The incident in which a great white shark broke into a metal divers’ cage off the coast of Baja California last week is now being officially investigated after the National Protected Areas Commission (Conanp) filed a legal complaint.
The case was filed with the environmental agency Profepa and is intended to investigate whether the operators of the vessel offering shark diving at the Guadalupe Island Biosphere Reserve committed an infraction by placing shark bait closer to the divers’ cage than permitted by the regulations.
Alejandro del Mazo Maza, head of Conanp, said the vessel involved in the incident has already been identified and that all its permits, which are issued by the Environment Secretariat (Semarnat), are valid and in order, although “that situation could change.”
“What [the diving operator] did wrong was leave the bait in reach of the shark, which lunged at it. When sharks attack, they close their eyes. This coupled with the animal’s sheer inertia facilitated its breaching of the cage,” said del Mazo.
The Earth Touch news website reported that Conanp regulations stipulate that “bait must be immediately removed once an approaching shark is within two meters of a standing vessel.”
According to experts interviewed by the website, this particular regulation was met. What apparently was an infraction was the angle at which the bait was held.
The rules say the bait must be “thrown in a 45-degree angle from the cage to the outside of the boat,” and pulled in so that it does “not touch the cage or pass over the top of it.”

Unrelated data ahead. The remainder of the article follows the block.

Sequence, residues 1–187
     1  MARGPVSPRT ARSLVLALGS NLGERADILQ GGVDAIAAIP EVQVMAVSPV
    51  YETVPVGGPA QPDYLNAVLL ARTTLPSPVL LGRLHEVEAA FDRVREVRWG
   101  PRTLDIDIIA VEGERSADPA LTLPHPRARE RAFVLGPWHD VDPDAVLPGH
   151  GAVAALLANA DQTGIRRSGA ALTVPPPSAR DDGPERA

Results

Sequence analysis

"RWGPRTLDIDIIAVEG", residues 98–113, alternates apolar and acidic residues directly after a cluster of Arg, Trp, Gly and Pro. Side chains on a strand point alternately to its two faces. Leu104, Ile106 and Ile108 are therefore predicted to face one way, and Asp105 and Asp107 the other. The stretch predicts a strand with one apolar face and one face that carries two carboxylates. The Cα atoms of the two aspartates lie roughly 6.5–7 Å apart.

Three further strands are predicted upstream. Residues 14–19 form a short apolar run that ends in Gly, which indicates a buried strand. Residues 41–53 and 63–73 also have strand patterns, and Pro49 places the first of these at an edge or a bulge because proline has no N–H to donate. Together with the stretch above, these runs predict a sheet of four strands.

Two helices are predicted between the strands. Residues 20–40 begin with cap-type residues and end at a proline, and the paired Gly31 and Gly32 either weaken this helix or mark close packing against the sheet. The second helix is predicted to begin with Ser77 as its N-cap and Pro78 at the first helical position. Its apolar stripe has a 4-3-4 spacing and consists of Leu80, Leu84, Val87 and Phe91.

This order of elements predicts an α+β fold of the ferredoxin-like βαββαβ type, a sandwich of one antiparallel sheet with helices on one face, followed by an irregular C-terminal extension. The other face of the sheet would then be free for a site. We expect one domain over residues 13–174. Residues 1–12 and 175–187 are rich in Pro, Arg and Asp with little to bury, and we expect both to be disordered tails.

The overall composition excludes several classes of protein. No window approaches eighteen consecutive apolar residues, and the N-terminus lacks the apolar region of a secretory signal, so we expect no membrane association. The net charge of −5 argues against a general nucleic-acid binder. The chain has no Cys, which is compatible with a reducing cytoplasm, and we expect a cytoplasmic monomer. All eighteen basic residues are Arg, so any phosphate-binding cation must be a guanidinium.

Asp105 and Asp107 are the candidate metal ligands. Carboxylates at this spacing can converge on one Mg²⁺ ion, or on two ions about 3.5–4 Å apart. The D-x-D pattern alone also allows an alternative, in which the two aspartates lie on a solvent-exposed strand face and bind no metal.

Dive tour operator Solmar, the firm involved in the shark incident, has addressed what happened in an open letter.
It said it has reinforced its cages and extended the zone around the cage where the bait cannot be dropped. “A meeting with other dive operators will take place later this month in order to work together to minimize unfortunate events like this,” said the statement.
Another incident has surfaced after a video was posted this week on YouTube of a great white shark that bit the hose supplying air to the divers in another cage before it, too, swam through the bars of the cage and became trapped inside.
It was dislodged by tying a rope around its tail while the dive master entered the cage and pressed in the shark’s gills, forcing it to swim away, reported news.com.au.